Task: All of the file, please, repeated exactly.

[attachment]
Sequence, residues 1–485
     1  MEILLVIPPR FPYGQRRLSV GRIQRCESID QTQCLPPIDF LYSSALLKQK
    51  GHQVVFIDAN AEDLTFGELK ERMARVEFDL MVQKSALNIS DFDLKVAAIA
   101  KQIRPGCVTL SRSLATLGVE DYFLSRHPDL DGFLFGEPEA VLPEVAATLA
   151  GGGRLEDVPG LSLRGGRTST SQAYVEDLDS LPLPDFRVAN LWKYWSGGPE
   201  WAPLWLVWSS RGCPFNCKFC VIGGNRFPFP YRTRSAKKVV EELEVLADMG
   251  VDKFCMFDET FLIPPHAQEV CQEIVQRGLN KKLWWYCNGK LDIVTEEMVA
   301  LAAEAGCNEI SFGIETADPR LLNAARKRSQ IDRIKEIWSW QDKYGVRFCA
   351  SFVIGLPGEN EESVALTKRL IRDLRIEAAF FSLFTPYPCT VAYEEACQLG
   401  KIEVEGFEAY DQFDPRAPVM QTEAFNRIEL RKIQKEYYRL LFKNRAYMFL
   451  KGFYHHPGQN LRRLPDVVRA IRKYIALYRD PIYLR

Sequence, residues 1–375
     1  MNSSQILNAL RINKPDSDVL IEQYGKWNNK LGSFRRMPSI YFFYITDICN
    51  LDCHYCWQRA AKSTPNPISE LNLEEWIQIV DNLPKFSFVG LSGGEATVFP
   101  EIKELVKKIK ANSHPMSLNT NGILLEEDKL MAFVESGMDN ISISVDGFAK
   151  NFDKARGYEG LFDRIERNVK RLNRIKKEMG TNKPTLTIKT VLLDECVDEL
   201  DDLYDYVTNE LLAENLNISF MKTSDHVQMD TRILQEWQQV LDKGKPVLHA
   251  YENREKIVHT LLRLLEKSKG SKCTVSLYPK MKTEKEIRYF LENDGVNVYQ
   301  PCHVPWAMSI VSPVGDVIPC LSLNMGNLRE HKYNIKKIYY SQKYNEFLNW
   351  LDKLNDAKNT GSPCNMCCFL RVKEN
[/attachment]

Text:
Sequence, residues 1–485
     1  MEILLVIPPR FPYGQRRLSV GRIQRCESID QTQCLPPIDF LYSSALLKQK
    51  GHQVVFIDAN AEDLTFGELK ERMARVEFDL MVQKSALNIS DFDLKVAAIA
   101  KQIRPGCVTL SRSLATLGVE DYFLSRHPDL DGFLFGEPEA VLPEVAATLA
   151  GGGRLEDVPG LSLRGGRTST SQAYVEDLDS LPLPDFRVAN LWKYWSGGPE
   201  WAPLWLVWSS RGCPFNCKFC VIGGNRFPFP YRTRSAKKVV EELEVLADMG
   251  VDKFCMFDET FLIPPHAQEV CQEIVQRGLN KKLWWYCNGK LDIVTEEMVA
   301  LAAEAGCNEI SFGIETADPR LLNAARKRSQ IDRIKEIWSW QDKYGVRFCA
   351  SFVIGLPGEN EESVALTKRL IRDLRIEAAF FSLFTPYPCT VAYEEACQLG
   401  KIEVEGFEAY DQFDPRAPVM QTEAFNRIEL RKIQKEYYRL LFKNRAYMFL
   451  KGFYHHPGQN LRRLPDVVRA IRKYIALYRD PIYLR

Sequence, residues 1–375
     1  MNSSQILNAL RINKPDSDVL IEQYGKWNNK LGSFRRMPSI YFFYITDICN
    51  LDCHYCWQRA AKSTPNPISE LNLEEWIQIV DNLPKFSFVG LSGGEATVFP
   101  EIKELVKKIK ANSHPMSLNT NGILLEEDKL MAFVESGMDN ISISVDGFAK
   151  NFDKARGYEG LFDRIERNVK RLNRIKKEMG TNKPTLTIKT VLLDECVDEL
   201  DDLYDYVTNE LLAENLNISF MKTSDHVQMD TRILQEWQQV LDKGKPVLHA
   251  YENREKIVHT LLRLLEKSKG SKCTVSLYPK MKTEKEIRYF LENDGVNVYQ
   301  PCHVPWAMSI VSPVGDVIPC LSLNMGNLRE HKYNIKKIYY SQKYNEFLNW
   351  LDKLNDAKNT GSPCNMCCFL RVKEN